Splend founder Chris King is planning to expand his company that leases cars to Uber drivers. Janie Barrett
by Misa Han
An Australian start-up that rents cars to Uber drivers has secured $3 million in funding from specialist lender Investec, a deal that values the 18-month-old company at $28 million.
Splend chief executive Chris King, who has so far self-funded the venture, said he would use the investment to improve the company’s cash flow, roll out new vehicles and launch a new app for its members.
Mr King declined to comment on the size of the deal, but sources said Investec took a 10.7 per cent equity take in Splend through placement of new shares.
Splend has 1300 Uber vehicles on the road in most Australian capital cities and provides car and insurance to Uber drivers at $269 a week. The company is aiming to hit “multi-thousands” by the end of the year.
Mr King said Splend provides Uber drivers with “everything except the fuel and tolls” including the vehicle, registration, third party insurance, maintenance and accident management, which distinguishes it from traditional car hire or financing companies.
“The car is just the entry point. We’re providing the product at the price that is equal to or cheaper than if the members try to do it themselves,” he said.
He said the company also has no lock-in contract – drivers have to hire the car for six weeks’ minimum and can terminate the contract by giving two weeks’ notice – which makes it an option for Uber drivers who do not want to be burdened with a car loan.
“If you buy a car you are locked in for four or five years. If you break the contract the bank or financier doesn’t want the car back, so you have to pay thousands of dollars just to break the contract,” he said.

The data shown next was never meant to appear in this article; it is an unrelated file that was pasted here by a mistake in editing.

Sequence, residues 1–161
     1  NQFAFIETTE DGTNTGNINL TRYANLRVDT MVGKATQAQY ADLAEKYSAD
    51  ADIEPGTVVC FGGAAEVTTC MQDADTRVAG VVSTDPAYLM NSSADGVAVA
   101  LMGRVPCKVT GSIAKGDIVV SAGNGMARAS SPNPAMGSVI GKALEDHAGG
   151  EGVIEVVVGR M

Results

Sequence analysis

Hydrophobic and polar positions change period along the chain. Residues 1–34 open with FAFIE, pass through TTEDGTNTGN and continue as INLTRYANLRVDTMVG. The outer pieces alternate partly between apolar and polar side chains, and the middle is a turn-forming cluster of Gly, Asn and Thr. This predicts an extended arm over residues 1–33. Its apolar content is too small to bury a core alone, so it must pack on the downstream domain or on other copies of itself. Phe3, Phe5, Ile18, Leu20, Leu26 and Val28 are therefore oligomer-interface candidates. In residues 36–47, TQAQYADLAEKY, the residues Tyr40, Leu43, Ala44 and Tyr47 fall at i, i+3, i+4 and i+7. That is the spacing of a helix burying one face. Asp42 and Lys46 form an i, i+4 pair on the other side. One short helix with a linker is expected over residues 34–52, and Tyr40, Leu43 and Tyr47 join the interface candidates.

He said Splend was eyeing rolling out its business model globally.
“We’re going to be focusing full steam ahead domestically, but we also have the opportunity to expand into New Zealand and we’ve done significant market research. We are also in discussions with global businesses that want to bring our model to North America and the United Kingdon,” he said.
Mr King said while the majority of its drivers provide ride-sharing services, the rise of food delivery apps, such as UberEATS, had added to the growth of his company.
Mr King is a serial entrepreneur with a background in event and equipment hire businesses and also did a stint as a staffer for the West Australian minister for transport, and CFO of electrical contracting business KP Electric.
He said the business would not be significantly affected by the Federal Court ruling last week that Uber drivers had to pay 10 per cent GST from the first dollar they earn because most of its drivers were full-time drivers who earned above the $75,000 tax threshold.
“We think it’s very unfair, it doesn’t take into account the modern realities of small businesses,” he said.